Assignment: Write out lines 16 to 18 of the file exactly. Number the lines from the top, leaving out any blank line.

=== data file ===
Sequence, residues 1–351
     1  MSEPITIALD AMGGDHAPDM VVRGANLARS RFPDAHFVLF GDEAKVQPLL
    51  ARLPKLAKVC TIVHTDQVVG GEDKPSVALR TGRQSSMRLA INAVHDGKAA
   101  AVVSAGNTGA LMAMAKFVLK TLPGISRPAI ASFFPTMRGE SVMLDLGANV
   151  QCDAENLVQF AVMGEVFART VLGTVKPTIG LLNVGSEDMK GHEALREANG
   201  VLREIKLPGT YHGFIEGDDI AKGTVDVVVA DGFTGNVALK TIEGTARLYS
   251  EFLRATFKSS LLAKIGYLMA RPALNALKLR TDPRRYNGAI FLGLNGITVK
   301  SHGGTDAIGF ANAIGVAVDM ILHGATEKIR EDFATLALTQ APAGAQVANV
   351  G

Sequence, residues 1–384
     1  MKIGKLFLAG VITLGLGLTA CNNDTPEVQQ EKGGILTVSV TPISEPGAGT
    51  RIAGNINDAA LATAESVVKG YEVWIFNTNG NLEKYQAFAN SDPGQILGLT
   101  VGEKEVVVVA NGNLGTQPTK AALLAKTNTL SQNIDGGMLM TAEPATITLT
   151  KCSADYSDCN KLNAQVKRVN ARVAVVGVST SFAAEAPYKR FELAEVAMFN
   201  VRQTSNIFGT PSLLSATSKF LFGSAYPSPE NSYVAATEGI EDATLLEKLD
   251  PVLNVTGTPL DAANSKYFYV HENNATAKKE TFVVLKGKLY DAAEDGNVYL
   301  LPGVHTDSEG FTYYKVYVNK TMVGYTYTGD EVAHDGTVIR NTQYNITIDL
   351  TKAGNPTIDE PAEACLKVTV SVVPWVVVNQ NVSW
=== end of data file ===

   251  PVLNVTGTPL DAANSKYFYV HENNATAKKE TFVVLKGKLY DAAEDGNVYL
   301  LPGVHTDSEG FTYYKVYVNK TMVGYTYTGD EVAHDGTVIR NTQYNITIDL
   351  TKAGNPTIDE PAEACLKVTV SVVPWVVVNQ NVSW